Book 1, Chapter 3, 55 BC to 78 AD – Julius Caesar – Continued
Cassivellaunus abandoned all idea of fighting, and dismissed the greater part of his forces, retaining only about four thousand men in chariots. With these he watched our march, and, retiring out of our way, lay in wait for us among the wood sand difficult passes. Meanwhile, he cleared the whole country through which our road lay, both of men and cattle, and when our foragers went out to get provisions and waste the country, his knowledge of the ways enabled him to assail them with all his chariots, this caused much danger to our cavalry, and prevented them from going far from the main body. “
No federal bond, however, existed among the different British tribes, and one by one, they made terms of peace with the invaders. The first to do this were the Trinobantes, who occupied that part of the country now known as Essex and Middlesex, and who undertook to furnish the Roman army with a supply of corn, and to leave forty hostages. Their example was followed by tribes whom Caesar designates the Cerimagni, the Segontiaci, the Ancalites, the Bibroci, and others, dwelling in what is now called Suffolk, Hertford, Bedford, Bucks, Berks, Hants. Caesar was informed that the town of Cassivellaunus was not far off, surrounded by woods and marshes, and occupied by a large number of men and cattle. This town is supposed to have been near to the site of St. Alban’s, and on the spot where the flourishing Roman colony of Verulamium afterwards arose. This town, as it was called, appears to have been a fastness in the woods, partly natural, partly artificial, with huts scattered about it, the whole surrounded by a mound or trench, as a place of retreat and of protection. The Roman general marched to this place, and attacked it on two sides. The Britons bravely defended their rampart for a time, but at length gave way, and abandoned it, with all the cattle it contained. Many prisoners were taken in the pursuit.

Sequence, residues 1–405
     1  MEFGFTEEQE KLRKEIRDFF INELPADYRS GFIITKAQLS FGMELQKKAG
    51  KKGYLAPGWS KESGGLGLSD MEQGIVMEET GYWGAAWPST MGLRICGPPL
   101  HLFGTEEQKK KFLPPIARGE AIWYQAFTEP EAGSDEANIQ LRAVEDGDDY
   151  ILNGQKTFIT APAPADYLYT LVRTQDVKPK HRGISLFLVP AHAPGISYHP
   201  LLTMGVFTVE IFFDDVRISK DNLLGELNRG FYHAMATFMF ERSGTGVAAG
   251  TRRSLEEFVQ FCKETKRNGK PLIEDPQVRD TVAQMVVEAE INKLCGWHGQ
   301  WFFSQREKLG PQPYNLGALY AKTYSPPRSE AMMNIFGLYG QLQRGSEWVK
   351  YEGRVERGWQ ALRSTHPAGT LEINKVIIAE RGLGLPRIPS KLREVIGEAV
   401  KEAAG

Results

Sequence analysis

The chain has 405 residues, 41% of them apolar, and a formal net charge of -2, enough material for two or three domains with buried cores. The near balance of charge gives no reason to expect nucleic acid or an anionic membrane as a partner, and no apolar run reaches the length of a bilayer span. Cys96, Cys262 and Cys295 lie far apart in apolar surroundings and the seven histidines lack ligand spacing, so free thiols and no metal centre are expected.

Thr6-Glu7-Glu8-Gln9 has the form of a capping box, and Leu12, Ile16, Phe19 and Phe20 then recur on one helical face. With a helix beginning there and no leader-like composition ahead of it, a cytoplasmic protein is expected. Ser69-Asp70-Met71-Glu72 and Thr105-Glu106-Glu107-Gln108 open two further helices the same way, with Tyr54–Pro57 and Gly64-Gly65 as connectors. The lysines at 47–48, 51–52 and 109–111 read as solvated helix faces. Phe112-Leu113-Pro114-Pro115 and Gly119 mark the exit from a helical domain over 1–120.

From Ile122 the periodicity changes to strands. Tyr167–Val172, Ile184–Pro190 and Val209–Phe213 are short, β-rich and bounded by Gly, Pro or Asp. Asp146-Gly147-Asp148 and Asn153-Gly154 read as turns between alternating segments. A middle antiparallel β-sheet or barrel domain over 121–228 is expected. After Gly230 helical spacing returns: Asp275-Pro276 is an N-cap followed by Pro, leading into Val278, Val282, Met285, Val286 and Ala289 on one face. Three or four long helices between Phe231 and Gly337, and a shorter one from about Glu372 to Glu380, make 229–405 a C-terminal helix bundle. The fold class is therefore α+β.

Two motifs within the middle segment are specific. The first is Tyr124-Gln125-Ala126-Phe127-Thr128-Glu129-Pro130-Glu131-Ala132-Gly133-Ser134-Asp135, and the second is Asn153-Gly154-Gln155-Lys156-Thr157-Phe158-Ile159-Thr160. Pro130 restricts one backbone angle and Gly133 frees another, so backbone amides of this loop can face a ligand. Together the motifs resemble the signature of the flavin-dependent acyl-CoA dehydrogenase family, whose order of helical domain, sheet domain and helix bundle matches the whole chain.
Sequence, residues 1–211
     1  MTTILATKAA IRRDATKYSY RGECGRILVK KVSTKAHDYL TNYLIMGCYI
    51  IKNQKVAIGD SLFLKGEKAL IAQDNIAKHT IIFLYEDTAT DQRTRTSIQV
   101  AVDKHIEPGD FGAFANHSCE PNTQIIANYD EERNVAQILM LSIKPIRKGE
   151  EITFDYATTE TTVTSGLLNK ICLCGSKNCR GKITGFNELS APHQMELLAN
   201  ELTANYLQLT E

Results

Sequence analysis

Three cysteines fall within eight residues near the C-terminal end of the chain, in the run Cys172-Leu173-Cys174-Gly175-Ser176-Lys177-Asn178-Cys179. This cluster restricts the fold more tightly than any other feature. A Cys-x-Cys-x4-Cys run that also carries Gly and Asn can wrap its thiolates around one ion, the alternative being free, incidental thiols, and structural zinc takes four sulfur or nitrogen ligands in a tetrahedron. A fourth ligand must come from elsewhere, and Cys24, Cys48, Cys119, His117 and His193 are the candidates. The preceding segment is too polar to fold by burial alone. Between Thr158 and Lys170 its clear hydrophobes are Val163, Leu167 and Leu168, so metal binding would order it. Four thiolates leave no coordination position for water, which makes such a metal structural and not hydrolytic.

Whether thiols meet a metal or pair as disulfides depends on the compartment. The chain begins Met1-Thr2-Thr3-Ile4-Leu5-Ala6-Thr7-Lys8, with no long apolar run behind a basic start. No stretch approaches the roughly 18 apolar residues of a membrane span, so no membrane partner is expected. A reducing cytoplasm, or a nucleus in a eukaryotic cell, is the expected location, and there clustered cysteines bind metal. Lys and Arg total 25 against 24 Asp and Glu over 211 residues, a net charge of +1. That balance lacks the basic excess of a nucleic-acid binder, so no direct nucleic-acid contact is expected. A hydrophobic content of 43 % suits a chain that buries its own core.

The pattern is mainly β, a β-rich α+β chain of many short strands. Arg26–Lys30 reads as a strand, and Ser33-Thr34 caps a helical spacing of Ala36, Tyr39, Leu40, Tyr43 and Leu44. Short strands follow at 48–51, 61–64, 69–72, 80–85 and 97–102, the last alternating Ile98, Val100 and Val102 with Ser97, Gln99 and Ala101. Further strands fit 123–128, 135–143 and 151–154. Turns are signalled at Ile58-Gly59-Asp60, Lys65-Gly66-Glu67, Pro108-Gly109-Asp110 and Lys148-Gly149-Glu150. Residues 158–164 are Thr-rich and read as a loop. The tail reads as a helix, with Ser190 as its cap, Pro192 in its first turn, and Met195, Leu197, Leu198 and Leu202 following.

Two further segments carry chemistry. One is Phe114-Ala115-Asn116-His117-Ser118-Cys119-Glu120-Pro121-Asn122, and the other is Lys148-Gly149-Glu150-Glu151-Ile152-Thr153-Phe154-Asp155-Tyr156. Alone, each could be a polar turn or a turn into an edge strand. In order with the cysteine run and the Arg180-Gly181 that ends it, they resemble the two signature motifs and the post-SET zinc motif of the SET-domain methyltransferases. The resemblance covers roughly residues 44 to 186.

The British leader, though deserted by most of his allies, and though some of his own people had submitted to the Romans, resolved on making one more effort. By a bold scheme, which promised to be successful, he hoped to cut off the Romans from their sea camp, and even to destroy it. He sent to the four chiefs who ruled in Cantium, or Kent, desiring them to assail the camp, which they did, but the Romans, issuing from their entrenchments, repulsed the attack with great slaughter, and took one of the chiefs prisoner, though not until after a long and fierce conflict. Cassivellaunus, on this, gave up the contest, and sued for peace, which was granted so readily, and on such favourable terms, that one of two things may be suspected, either, that the conquest of Britain was not so easy as the conquest of some other nations had been, or, that Caesar had not attempted the campaign with any serious designs of subjugation, but only for a present occupation, or as a means to the attainment of his personal ends.
Chapter 3, Julius Caesar
Divisions among the British Tribes
Chapter 3, Caractacus
Chapter 3, The Romans Revenge
Categories: Book 1